If you have ever visited a place like Carlsbad Caverns in New Mexico, or the Inner Space Caverns here in Texas, then you know that these are underground caves that are popular tourist attractions, drawing thousands of people to visit them annually. In France, the Lascaux Caves are also a popular destination for people who want to have a peek at man’s earliest artistic representation of his environment and events in his life.
Not sure what the Lascaux Caves are? Have a look at the paintings on the left there. These paintings are estimated to be 16-20,000 years old, and are very elaborate paintings of hunts that people living during that time conducted. These paintings are thought to be an excellent insight into human life at that time, since there is no other written evidence available that gives us a glimpse into life during prehistoric times. They were first discovered in 1940 by a group of teens who were exploring in the woods and came upon the caves by accident. The caves were open to the public after World War II, and many people from all over the world visited the caves to marvel at the paintings and the stories they told.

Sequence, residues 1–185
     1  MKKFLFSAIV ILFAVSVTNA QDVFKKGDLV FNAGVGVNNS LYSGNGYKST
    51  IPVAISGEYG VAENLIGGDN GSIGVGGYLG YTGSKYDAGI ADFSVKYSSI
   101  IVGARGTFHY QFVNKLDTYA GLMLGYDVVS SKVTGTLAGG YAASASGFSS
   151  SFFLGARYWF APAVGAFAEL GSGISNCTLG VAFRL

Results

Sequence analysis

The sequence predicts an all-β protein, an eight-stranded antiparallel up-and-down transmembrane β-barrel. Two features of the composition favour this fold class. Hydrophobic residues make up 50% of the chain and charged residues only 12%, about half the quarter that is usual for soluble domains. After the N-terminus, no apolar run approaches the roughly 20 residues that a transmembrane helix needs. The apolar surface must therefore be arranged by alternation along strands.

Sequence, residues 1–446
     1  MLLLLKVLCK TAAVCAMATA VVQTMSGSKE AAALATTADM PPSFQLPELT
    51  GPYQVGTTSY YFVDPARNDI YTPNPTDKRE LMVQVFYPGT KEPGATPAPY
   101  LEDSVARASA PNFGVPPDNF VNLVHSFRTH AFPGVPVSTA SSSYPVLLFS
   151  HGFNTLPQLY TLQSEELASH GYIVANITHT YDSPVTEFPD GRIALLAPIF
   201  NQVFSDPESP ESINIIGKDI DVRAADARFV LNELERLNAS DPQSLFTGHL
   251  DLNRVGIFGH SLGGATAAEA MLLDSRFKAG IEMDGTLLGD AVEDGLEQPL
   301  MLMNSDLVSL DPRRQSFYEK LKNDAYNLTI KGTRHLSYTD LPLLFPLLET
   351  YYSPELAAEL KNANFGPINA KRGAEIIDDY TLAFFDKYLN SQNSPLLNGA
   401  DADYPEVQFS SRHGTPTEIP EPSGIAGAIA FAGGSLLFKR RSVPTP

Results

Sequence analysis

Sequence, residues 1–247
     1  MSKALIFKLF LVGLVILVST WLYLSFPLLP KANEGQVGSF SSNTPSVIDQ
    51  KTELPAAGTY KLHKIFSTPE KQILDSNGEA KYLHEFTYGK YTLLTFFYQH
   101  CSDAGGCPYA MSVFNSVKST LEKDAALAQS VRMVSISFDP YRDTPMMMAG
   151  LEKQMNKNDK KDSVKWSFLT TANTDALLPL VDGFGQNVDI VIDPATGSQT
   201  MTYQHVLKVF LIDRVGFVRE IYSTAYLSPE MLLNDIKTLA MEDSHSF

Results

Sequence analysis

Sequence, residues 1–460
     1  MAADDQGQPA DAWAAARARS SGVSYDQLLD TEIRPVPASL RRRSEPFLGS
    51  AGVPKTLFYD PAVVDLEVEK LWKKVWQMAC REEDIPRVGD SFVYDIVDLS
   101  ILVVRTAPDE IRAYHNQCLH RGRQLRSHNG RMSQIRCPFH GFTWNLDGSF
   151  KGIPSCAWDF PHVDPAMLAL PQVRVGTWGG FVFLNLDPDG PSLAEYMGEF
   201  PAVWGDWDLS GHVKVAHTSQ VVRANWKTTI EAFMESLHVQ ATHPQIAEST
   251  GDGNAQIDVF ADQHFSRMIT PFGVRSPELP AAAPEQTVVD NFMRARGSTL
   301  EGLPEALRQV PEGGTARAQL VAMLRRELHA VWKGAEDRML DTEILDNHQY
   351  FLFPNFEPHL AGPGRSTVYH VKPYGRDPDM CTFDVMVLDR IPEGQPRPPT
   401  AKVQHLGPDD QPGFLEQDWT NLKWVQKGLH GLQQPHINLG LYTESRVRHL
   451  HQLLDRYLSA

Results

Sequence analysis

Unfortunately for the paintings, the carbon dioxide given off by the millions who had visited them took its toll, and in 1963, the cave was closed to the public to aid in the preservation of the art within. A replica of the cave and its paintings was opened 20 years later so that people could still enjoy the artwork without endangering the original work. In 2001, a fungus was found to be infesting the cave, aided by a new ventilation system as well as the people who had previously visited the cave. To control the spread of the fungus, biocides were applied in an attempt to retard fungal growth. While the biocidal chemicals applied controlled fungal growth in parts of the cave most often visited by people, the pigments left behind by the fungi still remain, permanently staining the walls of the cave. Another problem that has arisen is the development of biocide-resistant microbes, including bacteria that normally cause disease in humans. If these bacteria are being exposed to biocides and are becoming resistant, this could signal a problem for future visitors of the cave.
All caves have unique ecosystems that must remain in balance, and when humans decide to explore in them or otherwise enter, the very action of their entrance alters the balance of the ecosystem within the cave. In a place like Lascaux that holds so much historical and cultural significance, the alteration of the ecosystem that occurs with each visit must be accounted for. Should places such as Lascaux be open to the public? Which is more important: preservation of history and culture, or preservation of ecosystem and environment? Can science help us to have both?